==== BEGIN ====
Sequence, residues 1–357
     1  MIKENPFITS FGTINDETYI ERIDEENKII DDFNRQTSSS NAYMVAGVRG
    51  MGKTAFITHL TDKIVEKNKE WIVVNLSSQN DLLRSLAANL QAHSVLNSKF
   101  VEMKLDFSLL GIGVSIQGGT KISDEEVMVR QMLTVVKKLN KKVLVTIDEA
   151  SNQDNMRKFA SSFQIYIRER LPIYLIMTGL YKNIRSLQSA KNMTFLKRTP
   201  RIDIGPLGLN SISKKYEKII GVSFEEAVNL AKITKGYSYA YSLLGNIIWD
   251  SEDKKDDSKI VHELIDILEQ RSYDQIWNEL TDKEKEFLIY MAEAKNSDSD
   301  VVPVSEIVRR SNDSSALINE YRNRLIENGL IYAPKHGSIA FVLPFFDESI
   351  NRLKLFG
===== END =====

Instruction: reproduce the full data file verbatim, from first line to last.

Sequence, residues 1–357
     1  MIKENPFITS FGTINDETYI ERIDEENKII DDFNRQTSSS NAYMVAGVRG
    51  MGKTAFITHL TDKIVEKNKE WIVVNLSSQN DLLRSLAANL QAHSVLNSKF
   101  VEMKLDFSLL GIGVSIQGGT KISDEEVMVR QMLTVVKKLN KKVLVTIDEA
   151  SNQDNMRKFA SSFQIYIRER LPIYLIMTGL YKNIRSLQSA KNMTFLKRTP
   201  RIDIGPLGLN SISKKYEKII GVSFEEAVNL AKITKGYSYA YSLLGNIIWD
   251  SEDKKDDSKI VHELIDILEQ RSYDQIWNEL TDKEKEFLIY MAEAKNSDSD
   301  VVPVSEIVRR SNDSSALINE YRNRLIENGL IYAPKHGSIA FVLPFFDESI
   351  NRLKLFG